News Non-Life06 Mar 2018

Global:AXA eyes becoming world P&C leader with XL takeover

| 06 Mar 2018

France's largest insurance group AXA yesterday announced that it would buy 100% of Bermuda-based XL Group for US$15.3 billion to create what it said would be a world leader in property and casualty insurance.

Europe's second biggest insurer offered $57.60 for each XL share, a 33% premium on the closing price on 2 March, and said buying XL would result in P&C insurance rising to half of AXA's earnings, from 39%. The company expects the XL takeover to be cash accretive, and result in cost synergies of around $400 million per year, based on pre-tax earnings.

XL, which is a leading global P&C commercial lines insurer and reinsurer with a strong presence in North America, Europe, Lloyd’s and Asia-Pacific, has already agreed to AXA's offer, and AXA will look to de-list XL's shares. AXA said it would finance the deal with debt, cash and the proceeds of the IPO of its US business.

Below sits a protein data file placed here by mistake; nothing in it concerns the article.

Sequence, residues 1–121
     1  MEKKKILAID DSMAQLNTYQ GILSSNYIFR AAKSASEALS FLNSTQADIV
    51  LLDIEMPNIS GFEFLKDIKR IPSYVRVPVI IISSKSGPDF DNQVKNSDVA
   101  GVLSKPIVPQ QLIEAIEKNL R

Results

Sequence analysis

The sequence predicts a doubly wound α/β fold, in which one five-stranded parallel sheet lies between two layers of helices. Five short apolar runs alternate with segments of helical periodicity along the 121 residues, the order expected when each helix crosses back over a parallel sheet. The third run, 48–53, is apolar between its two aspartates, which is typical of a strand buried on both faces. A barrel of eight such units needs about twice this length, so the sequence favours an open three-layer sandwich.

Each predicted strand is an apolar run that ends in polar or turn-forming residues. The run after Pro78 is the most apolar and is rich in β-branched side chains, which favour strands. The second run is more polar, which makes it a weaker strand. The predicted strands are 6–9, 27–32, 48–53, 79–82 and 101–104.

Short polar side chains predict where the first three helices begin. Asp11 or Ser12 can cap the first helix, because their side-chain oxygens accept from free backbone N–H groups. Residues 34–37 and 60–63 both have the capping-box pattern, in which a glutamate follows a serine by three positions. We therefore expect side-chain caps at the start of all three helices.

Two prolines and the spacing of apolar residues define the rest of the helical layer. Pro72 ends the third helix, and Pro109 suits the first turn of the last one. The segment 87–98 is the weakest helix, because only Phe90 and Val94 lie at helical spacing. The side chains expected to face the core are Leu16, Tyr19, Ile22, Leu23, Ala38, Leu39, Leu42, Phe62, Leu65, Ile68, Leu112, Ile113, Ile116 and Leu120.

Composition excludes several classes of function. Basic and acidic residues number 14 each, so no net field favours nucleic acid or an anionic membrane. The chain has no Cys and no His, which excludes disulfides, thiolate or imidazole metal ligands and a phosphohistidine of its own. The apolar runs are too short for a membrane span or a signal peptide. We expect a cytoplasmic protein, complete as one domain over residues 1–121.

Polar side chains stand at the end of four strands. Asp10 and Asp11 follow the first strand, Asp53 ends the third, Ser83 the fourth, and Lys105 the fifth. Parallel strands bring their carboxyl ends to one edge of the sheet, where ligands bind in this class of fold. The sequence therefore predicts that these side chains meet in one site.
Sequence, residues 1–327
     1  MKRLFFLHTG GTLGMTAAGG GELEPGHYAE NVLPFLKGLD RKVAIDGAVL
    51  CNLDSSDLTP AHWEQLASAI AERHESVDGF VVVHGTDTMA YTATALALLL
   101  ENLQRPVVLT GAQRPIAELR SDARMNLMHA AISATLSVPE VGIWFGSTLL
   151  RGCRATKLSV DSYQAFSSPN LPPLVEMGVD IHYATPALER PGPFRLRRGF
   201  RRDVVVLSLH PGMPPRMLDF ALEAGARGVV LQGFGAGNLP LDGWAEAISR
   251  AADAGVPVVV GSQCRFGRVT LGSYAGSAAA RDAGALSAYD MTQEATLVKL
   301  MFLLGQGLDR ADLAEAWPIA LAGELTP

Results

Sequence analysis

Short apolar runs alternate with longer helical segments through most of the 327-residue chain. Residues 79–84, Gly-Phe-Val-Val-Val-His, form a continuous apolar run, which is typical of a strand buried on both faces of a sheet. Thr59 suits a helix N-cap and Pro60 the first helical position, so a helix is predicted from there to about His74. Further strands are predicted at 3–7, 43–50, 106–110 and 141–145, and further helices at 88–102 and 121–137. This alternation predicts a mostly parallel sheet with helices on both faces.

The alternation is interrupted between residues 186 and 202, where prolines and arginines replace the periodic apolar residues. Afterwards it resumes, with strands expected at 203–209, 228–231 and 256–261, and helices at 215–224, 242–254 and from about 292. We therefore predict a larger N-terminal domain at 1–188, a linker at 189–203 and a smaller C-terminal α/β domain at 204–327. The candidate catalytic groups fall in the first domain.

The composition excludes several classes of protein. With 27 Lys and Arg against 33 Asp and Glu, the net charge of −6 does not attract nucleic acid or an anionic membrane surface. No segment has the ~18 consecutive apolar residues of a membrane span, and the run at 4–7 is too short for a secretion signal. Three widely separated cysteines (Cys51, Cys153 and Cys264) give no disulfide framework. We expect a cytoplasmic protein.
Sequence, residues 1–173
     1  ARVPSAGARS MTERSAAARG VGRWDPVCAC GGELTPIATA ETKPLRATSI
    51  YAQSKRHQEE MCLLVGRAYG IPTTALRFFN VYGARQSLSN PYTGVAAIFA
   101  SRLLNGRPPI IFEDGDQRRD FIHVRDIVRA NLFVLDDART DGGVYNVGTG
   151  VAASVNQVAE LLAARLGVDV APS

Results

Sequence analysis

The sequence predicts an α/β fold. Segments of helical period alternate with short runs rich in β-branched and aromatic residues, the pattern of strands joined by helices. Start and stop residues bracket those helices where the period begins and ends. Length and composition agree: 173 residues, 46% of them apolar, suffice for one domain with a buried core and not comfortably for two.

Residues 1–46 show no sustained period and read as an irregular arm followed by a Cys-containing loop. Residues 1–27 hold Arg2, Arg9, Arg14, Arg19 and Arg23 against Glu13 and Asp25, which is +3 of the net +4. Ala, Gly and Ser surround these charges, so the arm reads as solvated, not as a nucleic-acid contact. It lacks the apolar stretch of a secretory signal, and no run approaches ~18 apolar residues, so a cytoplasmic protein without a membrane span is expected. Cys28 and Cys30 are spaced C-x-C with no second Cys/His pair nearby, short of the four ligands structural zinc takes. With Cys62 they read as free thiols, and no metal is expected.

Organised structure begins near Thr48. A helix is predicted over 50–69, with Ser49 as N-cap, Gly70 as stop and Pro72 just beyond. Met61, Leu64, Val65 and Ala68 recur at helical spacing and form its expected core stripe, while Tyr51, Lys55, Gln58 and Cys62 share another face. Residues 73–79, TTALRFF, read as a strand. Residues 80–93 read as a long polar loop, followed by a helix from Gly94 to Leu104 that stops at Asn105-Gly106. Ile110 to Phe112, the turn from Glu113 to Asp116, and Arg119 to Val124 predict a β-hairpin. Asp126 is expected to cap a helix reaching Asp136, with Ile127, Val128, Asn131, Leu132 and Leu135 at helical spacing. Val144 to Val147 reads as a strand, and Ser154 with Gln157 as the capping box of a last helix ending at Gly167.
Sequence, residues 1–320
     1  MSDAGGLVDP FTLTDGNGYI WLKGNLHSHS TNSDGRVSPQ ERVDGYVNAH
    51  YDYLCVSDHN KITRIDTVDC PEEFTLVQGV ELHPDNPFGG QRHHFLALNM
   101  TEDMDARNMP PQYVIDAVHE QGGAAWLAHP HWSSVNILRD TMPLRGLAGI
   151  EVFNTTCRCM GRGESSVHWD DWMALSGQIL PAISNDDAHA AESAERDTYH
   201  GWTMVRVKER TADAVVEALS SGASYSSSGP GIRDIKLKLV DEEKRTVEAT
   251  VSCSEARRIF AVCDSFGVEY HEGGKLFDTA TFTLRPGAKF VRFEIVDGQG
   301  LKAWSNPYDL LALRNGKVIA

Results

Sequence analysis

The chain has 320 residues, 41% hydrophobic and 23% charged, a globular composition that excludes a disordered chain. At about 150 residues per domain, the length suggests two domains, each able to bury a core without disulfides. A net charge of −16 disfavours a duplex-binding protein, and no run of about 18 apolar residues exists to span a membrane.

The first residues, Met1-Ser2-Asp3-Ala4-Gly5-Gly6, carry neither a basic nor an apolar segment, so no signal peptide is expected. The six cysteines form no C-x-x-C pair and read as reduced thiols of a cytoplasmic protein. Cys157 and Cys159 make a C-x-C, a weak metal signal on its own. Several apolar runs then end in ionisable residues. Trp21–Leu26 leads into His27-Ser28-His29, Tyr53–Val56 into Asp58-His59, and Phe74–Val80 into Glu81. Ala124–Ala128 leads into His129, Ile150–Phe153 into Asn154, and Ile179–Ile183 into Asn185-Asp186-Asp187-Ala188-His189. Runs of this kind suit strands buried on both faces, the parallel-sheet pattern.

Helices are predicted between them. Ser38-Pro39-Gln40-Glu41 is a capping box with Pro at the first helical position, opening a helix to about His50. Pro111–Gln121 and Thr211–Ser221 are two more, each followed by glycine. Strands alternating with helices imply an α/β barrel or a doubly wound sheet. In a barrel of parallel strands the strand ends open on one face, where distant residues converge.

The merger agreement has been unanimously approved by the boards of AXA and XL Group.

AXA Chief Executive Thomas Buberl said the deal will enable AXA to dominate the global P&C market, and reduce its exposure to the volatility of financial markets.

He said: “This transaction is a unique strategic opportunity for AXA to shift its business profile from predominantly L&S business to predominantly P&C business, and will enable the group to become the #1 global P&C Commercial lines insurer based on gross written premiums.”

He said that the future AXA will see its profile significantly rebalanced towards insurance risks and away from financial risks.


However, analysts at UBS said XL would not necessarily fit AXA's plans to grow in Asia, given XL's predominantly US-exposed business, reported Reuters. "AXA targets growth in health, protection and commercial lines, P&C (property & casualty) markets preferably in Asia rather than US reinsurance," UBS said.

"However, acquiring XL does give global commercial P&C lines exposure and further accelerate AXA's exit from more volatile business lines in the US," it added.


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